Sunday, 14 February 2016

Witch Hazel


When walking along a country lane a long, long time ago, my father pointed out a curious looking shrub to me. He told me that it used to have beautiful, large daisy like flowers, but that a witch had touched it with her wand and made the flowers all gnarled and twisted, and that because of this it's now called a Witch Hazel. Looking at the flowers, it's an easy story to believe as a child, and whenever I saw one, I would be on the lookout for a witch hiding in the undergrowth somewhere.

Of course, the Witch Hazel has never had anything remotely to do with witches. The title 'Witch' coming from the old English 'wych', meaning bendy and pliable, as it's wood was used for water divining. In my younger days of long survival hiking in the wild moors and mountains, I would liberally apply a gel of Witch Hazel to my damaged and sore feet on returning home. The recovery was quite extraordinary, and we always have a preparation of some sort in the house even now.


It's used as a remedy for all manner of ailments and conditions, and there is even research into it's use to cure MRSA now, as it has certain cell damage inhibiting qualities. We have several in our garden, and so for now I am spending the afternoon making a tea from it's bark, and when cool shall apply it to some areas of eczema that have appeared on my back. I'll let you know how it goes.


As a gardener for the last forty years, I have grown to enjoy this shrub more and more, and never cease to marvel at it's beauty at such a dull time of year. I really can't understand why there isn't one in every garden. It grows in virtually any well drained soil, as long as it's not too alkaline. North, south, west or east facing, it cares not, and once established pretty much looks after itself. How can anyone resist them?

12 comments:

  1. I just read your post to my wife, we are headed out in a few moments to purchase one. I have always wanted one but they are quite expensive for anything larger than a gallon sized container. But between your post and her blessing I will soon have one.

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  2. Hi Doc,
    Well what do you know? Please do let me know which variety you go for in the end. All the best to you and your wife.

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  3. That sounds like an interesting plant and good with its' healing properties.

    Have a great week ~ FlowerLady

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  4. Thanks Lorraine. It's quite unusual in every way.

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  5. There's far more to plants than just green leaves. The ancient people were aware of what the plants did healthwise.

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    1. I believe that the Canadian Indian tribes used it a lot Red.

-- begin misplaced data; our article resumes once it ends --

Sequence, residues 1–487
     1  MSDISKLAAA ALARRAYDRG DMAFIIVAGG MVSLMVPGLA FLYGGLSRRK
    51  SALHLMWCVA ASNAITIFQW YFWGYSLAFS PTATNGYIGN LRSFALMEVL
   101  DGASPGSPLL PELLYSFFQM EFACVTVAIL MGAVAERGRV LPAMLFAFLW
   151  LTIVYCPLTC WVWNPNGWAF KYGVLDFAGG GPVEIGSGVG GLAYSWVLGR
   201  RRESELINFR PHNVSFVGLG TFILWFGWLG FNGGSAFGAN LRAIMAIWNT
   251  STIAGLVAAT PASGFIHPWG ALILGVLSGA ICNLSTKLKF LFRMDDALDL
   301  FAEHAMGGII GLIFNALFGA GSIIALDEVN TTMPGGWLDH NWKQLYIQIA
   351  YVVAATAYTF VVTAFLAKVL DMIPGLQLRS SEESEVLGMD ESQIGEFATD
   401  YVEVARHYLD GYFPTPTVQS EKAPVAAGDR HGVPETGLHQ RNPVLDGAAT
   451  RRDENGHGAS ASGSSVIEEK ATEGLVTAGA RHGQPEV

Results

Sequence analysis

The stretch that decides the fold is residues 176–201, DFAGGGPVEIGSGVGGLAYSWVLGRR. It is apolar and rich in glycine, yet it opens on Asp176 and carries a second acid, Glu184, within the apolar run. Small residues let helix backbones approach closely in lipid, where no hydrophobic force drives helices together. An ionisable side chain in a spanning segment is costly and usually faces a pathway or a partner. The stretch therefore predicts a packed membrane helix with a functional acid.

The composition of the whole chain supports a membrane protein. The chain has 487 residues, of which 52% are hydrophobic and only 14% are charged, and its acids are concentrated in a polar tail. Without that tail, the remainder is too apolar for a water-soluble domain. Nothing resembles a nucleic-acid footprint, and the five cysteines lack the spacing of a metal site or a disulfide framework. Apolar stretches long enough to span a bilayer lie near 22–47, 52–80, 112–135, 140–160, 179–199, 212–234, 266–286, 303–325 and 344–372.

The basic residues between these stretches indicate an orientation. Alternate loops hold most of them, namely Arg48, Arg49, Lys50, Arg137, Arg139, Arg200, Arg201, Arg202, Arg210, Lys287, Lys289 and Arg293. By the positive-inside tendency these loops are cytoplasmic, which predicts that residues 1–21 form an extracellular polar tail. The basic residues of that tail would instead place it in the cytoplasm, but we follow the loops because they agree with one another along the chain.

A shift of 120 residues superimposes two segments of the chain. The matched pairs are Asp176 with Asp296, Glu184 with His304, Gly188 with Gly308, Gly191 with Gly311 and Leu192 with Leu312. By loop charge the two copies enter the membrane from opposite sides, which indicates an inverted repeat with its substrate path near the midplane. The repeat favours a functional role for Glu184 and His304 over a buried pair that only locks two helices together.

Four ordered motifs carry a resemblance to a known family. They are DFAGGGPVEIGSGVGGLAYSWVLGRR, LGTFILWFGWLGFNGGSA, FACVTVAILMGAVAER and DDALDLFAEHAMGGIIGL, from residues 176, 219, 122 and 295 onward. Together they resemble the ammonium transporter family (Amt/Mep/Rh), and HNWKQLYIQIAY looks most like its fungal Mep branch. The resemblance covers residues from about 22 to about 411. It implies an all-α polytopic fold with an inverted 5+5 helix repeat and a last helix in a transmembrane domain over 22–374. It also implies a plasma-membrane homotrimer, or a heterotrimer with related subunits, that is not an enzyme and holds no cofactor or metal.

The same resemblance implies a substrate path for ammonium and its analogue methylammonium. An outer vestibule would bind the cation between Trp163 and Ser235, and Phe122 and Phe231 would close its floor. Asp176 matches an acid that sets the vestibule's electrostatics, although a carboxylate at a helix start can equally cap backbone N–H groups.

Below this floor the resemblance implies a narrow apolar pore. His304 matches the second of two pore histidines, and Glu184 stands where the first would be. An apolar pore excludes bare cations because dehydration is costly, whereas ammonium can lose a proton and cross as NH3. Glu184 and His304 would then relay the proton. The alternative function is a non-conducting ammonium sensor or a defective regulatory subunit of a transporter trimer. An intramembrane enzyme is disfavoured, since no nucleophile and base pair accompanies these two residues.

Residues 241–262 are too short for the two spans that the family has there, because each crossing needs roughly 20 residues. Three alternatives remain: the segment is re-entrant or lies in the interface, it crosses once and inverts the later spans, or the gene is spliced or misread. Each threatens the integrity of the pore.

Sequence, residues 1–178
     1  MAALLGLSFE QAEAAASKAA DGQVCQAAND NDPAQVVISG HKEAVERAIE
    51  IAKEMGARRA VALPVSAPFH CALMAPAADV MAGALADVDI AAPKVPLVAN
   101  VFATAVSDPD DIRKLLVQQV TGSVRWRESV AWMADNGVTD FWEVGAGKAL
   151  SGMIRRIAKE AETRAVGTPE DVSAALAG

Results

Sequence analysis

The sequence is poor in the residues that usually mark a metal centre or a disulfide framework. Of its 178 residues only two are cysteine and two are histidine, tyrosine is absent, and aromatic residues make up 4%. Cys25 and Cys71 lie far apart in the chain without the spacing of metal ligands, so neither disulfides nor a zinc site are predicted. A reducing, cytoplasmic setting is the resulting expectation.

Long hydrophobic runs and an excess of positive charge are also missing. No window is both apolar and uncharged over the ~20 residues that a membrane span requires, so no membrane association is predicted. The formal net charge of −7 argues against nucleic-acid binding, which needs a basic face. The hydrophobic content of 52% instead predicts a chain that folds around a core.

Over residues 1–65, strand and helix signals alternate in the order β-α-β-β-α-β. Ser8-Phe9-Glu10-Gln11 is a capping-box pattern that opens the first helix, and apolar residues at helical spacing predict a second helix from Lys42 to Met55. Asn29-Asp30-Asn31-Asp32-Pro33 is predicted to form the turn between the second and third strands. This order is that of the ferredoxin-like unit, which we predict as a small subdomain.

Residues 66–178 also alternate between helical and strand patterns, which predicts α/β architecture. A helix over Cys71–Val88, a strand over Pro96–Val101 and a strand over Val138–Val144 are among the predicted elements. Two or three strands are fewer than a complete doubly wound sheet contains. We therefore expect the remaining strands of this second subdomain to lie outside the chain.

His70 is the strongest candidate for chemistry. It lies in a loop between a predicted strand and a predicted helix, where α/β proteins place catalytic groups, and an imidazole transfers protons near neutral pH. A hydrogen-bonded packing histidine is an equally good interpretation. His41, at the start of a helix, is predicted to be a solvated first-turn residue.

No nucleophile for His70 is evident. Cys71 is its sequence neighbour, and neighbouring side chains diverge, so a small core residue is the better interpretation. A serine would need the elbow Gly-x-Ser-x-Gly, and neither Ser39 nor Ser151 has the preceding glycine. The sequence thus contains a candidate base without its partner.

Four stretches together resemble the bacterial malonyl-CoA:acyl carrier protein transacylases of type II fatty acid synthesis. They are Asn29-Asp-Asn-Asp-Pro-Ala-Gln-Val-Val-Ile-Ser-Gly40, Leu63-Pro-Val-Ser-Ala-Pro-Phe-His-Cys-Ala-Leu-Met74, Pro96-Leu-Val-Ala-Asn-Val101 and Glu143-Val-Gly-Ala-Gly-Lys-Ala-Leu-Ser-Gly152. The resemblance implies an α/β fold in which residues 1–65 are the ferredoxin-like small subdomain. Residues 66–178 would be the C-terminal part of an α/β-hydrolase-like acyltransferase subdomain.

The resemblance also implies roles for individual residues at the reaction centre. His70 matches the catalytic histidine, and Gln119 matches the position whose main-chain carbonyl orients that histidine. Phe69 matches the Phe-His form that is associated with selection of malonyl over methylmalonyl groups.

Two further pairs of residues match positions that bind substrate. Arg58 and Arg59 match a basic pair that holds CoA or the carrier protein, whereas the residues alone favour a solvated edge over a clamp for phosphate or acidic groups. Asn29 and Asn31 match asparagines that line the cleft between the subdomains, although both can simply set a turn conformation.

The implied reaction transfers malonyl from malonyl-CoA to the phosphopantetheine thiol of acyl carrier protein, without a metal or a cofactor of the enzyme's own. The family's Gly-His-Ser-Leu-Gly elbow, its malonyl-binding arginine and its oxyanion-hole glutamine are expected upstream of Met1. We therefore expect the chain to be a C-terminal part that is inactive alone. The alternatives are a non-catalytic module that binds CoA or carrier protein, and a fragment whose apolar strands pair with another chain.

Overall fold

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  6. Amazingly, I don't think I've ever seen a plant, although there is usually a bottle of miracle liquid amongst my wife's other Witch's healing stuff.

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    1. They don't seem to be in many gardens at all Cro, but would look great just left to grow in your spread.

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  7. Adagio for Strings is one of my favourites, too. There is so much healing in plants, in nature and we need to spend more time looking into how to harness this power. I shall certainly look out for a space to plant a witch hazel in my small garden.

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    1. Hi Marianne, nice to have you here. I find Samuel Barber and gardens go well together.


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  8. We had a bright yellow witch hazel in our last garden and it was always the first welcome bit of colour to appear at the start of each year.
    It seems that you have your father to thank for your interest in horticulture, his storytelling alerting your interest and imagination in plant life. My father and his elder brother, my Uncle William (who grew the tastiest black grapes!) started my love of gardening. I still have plants in my garden that came from them, cuttings that have moved with me from house to house.
    I'm also very interested in your herbal remedies, perhaps your German heritage gives you an advantage here, Gary. The Germans are way ahead of the British in sound alternative practises, my practitioner's equipment and treatments all come from Germany!
    Sorry to read of all the thieving going on in Bournemouth. It is so depressing but great to have your spirits lifted by the thoughtfulness of a friend.

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  9. Lovely blog!!! Adagio for Strings is one of my favourite music ... I have played it for 30 years now ... in February and in October ... the months of one of my daughter's birth and death ... gardening is short and furious here in Central Alberta, Canada ... what ever will grow will grow ... ce sera sera ... smiles ... 100 frost free days is not much to grow anything, but I maage to harvest some carrots. beets, and sumtimes even beans!!! smiles ... Love, cat.

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